Peta Cook is a Lecturer in Sociology at the University of Tasmania’s School of Sociology and Social Work (Launceston). Her research interests include the sociology of science (particularly medical science), xenotransplantation, medical tourism, animals in science, critical and public understandings of science, and embodiment (technological and health-related). She is currently serving on the editorial advisory board for the Journal of Sociology, and is an active member of the Asia-Pacific Science, Technology and Society Network (APSTSN), TASA, and the Society for the Social Studies of Science (4S). Peta.Cook@utas.edu.au
Our goal for Nexus in 2011 is to strive to maintain the newsletters professional appeal by continuing strong regular contributions such as the ‘books of note’, ‘feature article’, ‘UniNews’ and other reports such as those on recent workshops/events. We aim to strengthen this with the addition of a few regular contributions and the possibility of other ‘special’ issues.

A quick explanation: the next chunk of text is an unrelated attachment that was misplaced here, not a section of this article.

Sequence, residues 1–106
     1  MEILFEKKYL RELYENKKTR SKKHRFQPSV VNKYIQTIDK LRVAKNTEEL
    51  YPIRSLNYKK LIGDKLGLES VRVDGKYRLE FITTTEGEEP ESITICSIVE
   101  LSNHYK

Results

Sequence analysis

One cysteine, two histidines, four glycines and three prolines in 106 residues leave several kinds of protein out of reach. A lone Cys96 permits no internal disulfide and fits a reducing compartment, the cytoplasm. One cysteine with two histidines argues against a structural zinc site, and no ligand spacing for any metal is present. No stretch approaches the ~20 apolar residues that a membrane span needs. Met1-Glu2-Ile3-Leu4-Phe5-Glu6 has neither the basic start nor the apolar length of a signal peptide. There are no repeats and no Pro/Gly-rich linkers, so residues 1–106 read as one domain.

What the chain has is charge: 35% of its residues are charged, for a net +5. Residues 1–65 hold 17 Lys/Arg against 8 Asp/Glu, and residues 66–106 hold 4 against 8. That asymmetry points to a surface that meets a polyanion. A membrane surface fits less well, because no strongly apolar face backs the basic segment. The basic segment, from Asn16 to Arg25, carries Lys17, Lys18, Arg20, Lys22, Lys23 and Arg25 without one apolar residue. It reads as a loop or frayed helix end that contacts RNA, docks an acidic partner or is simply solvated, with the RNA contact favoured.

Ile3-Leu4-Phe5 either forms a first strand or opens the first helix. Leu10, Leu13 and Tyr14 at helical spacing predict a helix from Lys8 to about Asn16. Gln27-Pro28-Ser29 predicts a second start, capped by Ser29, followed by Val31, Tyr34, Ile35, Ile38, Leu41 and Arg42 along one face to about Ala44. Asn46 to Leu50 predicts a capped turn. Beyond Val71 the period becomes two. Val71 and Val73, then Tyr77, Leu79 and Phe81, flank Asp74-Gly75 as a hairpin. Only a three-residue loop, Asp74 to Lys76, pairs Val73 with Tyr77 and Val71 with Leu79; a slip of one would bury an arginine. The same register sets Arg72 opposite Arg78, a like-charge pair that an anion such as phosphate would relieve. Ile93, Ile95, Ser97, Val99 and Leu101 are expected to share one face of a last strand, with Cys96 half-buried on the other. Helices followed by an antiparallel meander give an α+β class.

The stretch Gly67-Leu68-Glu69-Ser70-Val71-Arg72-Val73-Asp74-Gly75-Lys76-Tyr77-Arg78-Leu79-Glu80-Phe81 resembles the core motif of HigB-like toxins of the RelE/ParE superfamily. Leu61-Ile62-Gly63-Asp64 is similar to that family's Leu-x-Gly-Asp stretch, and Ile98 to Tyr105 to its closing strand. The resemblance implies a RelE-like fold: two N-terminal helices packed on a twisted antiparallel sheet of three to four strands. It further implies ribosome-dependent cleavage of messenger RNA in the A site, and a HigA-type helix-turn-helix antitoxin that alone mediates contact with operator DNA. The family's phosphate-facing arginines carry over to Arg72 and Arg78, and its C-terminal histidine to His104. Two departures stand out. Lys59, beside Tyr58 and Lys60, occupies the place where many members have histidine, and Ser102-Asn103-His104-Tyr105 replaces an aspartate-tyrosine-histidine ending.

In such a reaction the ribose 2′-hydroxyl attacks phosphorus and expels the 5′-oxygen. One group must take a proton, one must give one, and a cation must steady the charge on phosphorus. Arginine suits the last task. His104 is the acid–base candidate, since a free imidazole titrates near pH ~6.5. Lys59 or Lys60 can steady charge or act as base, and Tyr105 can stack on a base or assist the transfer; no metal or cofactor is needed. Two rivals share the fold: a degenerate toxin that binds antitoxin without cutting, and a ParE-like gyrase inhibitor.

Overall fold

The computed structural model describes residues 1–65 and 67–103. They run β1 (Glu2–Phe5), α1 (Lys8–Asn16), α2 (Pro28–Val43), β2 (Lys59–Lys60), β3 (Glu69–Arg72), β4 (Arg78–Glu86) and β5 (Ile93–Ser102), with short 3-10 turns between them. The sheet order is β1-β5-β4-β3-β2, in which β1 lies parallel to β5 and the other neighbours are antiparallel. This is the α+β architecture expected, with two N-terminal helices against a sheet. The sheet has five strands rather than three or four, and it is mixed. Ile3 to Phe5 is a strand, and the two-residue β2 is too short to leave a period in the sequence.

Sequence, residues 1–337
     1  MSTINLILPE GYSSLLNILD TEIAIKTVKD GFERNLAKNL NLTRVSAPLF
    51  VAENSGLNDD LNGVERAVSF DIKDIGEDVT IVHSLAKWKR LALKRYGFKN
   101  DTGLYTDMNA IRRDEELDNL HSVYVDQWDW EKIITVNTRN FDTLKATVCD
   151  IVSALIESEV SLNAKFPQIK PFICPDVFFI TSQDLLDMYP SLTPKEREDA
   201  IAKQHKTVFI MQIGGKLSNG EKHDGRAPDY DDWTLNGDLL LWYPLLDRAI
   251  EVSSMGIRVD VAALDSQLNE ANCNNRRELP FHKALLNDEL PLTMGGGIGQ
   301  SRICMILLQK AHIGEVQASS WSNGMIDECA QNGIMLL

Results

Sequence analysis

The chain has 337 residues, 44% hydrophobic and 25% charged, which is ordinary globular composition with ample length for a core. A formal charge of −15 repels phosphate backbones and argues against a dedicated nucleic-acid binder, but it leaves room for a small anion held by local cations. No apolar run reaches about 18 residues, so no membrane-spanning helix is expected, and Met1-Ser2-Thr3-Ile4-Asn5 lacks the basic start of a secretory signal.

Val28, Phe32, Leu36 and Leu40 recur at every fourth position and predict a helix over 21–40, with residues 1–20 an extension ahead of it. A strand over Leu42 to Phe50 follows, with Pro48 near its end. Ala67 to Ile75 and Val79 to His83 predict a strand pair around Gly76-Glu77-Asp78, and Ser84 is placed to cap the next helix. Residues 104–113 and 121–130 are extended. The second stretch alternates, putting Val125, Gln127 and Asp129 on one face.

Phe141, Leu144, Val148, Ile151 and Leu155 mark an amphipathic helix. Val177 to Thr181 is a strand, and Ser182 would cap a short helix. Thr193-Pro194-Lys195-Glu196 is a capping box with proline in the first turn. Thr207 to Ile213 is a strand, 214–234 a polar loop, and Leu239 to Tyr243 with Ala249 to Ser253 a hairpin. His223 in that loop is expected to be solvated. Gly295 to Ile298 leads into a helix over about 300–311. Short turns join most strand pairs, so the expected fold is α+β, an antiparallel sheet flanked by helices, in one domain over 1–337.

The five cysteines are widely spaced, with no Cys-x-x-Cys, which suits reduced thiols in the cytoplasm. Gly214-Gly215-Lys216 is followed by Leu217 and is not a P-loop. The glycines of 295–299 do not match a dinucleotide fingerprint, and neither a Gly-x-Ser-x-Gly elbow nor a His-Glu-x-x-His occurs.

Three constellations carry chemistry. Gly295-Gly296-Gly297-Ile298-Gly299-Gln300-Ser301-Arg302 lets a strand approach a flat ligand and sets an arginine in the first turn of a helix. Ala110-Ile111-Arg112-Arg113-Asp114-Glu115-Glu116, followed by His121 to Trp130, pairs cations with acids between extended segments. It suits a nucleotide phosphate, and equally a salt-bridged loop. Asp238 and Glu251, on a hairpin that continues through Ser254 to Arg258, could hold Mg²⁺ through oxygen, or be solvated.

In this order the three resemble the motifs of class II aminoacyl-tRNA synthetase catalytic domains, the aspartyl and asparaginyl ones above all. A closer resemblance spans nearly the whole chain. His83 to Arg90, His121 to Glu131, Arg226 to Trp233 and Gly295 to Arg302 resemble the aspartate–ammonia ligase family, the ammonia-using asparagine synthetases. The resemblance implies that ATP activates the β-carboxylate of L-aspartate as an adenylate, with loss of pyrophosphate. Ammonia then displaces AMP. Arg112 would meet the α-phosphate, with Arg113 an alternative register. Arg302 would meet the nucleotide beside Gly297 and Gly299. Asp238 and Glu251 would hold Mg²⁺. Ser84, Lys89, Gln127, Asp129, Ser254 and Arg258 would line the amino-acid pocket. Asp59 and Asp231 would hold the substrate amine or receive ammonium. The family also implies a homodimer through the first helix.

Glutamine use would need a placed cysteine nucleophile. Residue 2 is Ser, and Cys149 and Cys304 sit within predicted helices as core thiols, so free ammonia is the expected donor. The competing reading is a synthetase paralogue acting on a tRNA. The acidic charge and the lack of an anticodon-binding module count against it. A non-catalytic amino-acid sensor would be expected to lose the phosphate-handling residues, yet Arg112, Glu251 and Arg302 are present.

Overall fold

In March we sent around an invitation for sociologists across TASA to provide us with a photograph for a competition we were running. The prize was a copy of the 2010 Stephen Crook Memorial winning book by Jack Barbalet. The entries were very good and we are grateful for those who entered. However, we had to choose a winner and the photo below from Andrew Jakobowicz has been our choice. Congratulations Andrew.
Image: Prof. Andrew Jakubowicz (Head, Social and Political Change Academic Group, University of Technology Sydney)
At the height of the Indian students debate in late 2010, I wrote a paper for the Academy of Social Sciences in Australia, the Human Rights Commission and Universities Australia on the role of social science research in understanding the human rights issues associated with international students in Australia. The paper was written from a sociological perspective and argued for a strong research base for public policy (clearly lacking in this case). I took the photo in Melbourne while I was there researching the paper. It summarised for me the nuances of the situation, with a rather wonderful dual/triple irony about social change and social relations: